Why Did U.S. White Leftists Renounced Violence Against People in the 1970?

(2016) “A Bloodless Guerrilla Warfare: Why U.S. White Leftists Renounced Violence Against People During the 1970s,” Terrorism and Political Violence, 28, no 5: 928–949  Full text: falciola_2016_terrorism and political violence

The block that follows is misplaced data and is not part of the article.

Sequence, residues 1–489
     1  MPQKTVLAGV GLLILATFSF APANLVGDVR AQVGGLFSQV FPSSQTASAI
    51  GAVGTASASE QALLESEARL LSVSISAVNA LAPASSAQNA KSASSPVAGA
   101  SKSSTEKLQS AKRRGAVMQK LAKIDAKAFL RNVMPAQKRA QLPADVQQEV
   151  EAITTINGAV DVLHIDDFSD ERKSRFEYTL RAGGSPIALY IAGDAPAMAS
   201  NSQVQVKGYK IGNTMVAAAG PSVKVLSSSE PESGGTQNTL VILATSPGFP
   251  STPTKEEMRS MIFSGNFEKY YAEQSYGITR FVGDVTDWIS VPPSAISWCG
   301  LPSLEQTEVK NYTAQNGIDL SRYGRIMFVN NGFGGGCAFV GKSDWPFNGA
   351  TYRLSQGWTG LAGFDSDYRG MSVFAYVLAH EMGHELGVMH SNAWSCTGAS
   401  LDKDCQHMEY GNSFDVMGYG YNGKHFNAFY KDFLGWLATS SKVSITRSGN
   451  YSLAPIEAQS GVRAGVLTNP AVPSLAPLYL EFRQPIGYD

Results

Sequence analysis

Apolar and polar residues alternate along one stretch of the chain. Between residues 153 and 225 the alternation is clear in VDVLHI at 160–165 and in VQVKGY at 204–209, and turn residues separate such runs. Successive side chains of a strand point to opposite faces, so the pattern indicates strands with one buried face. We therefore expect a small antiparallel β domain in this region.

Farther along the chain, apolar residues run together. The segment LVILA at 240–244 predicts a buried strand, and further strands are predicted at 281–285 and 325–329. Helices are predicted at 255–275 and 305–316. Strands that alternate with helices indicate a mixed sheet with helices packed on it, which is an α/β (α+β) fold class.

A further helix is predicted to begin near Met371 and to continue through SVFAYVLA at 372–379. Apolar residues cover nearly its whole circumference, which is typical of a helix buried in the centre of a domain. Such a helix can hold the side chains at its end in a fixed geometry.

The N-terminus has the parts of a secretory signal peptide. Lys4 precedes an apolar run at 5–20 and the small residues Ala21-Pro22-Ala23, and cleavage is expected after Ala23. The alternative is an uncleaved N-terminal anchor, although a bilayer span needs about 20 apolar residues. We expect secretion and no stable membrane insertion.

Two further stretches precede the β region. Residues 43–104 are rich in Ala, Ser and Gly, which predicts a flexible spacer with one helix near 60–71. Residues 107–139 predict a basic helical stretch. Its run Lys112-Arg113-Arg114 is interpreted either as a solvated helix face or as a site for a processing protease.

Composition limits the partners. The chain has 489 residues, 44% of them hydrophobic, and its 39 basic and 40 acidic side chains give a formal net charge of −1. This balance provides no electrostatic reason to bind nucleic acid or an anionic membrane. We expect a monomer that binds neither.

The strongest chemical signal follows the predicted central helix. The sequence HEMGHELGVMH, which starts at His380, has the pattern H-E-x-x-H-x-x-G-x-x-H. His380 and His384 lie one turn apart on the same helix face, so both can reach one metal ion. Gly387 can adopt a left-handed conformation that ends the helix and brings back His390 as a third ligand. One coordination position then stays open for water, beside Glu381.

Between 1968 and the late 1970s, a significant number of U.S. white leftist groups escalated their protest to armed struggle. After experimenting briefly with violence, they opted for low-intensity armed propaganda that targeted property and avoided hurting people. By contrast, European leftist groups and anti-colonial organizations in the U.S. made extensive use of antipersonnel violence. Why did U.S. leftists eschew attacks against civilians? Scholarship does not explain this case, as it focuses either on the internal dynamics of a single group or on structural variables. Conversely, this article addresses this question through a historical reconstruction and a multilevel analysis. The research identifies the critique and ensuing de-solidarization by the radical milieu as the main factor accounting for the restraint of violence. This article demonstrates that the radical milieu censored and isolated armed groups as soon as they escalated and began to endanger human lives. Therefore, in order to safeguard the solidarity pact with their constituencies, violent fringes moderated their repertoires of action. This article employs primary sources and original interviews with militants to support this claim and to assess the relevance of three concurrent factors: the trauma generated by the “townhouse incident,” the deterrence by law enforcement, and the militants’ socio-economic background.

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